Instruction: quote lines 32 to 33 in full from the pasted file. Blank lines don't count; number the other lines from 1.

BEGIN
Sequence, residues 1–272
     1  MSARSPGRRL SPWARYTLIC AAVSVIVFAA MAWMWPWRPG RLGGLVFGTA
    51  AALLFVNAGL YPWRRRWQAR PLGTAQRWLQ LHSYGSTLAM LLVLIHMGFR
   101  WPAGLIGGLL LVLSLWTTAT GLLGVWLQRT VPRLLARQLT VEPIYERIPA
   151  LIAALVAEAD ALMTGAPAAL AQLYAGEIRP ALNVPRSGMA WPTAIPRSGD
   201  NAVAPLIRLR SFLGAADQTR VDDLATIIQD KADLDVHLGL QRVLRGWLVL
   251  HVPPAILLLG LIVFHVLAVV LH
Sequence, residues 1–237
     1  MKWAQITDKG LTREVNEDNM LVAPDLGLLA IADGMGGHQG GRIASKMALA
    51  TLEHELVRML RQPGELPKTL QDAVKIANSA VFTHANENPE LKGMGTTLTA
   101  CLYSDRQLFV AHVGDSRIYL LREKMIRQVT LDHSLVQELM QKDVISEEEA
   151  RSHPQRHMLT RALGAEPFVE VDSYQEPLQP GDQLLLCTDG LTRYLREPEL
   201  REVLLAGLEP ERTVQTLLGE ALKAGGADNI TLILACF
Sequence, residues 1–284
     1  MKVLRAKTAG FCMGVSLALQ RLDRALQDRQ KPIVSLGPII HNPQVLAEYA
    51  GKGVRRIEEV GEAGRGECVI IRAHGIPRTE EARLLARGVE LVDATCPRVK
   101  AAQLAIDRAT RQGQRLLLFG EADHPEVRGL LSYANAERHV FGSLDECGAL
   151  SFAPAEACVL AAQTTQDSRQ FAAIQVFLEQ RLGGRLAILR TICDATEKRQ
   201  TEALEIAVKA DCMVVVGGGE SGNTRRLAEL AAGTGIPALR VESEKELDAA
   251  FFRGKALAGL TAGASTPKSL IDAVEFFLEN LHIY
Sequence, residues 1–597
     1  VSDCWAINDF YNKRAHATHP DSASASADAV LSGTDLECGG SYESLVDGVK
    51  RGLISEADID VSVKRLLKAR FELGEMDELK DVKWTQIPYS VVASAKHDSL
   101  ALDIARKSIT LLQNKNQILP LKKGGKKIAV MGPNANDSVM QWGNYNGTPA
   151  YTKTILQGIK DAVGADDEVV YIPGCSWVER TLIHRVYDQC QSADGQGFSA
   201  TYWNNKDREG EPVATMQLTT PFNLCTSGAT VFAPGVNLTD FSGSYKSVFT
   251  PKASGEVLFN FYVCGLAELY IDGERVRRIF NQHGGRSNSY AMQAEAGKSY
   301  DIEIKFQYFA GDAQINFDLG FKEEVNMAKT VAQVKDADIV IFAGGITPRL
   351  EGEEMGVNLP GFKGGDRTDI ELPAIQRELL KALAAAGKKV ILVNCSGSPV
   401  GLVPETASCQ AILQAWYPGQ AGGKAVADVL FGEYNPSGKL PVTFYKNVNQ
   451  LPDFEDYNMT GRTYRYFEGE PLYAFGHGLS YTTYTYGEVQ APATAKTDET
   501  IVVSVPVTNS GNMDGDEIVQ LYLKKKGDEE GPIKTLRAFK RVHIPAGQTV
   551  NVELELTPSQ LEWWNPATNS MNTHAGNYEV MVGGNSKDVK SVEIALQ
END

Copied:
   501  IVVSVPVTNS GNMDGDEIVQ LYLKKKGDEE GPIKTLRAFK RVHIPAGQTV
   551  NVELELTPSQ LEWWNPATNS MNTHAGNYEV MVGGNSKDVK SVEIALQ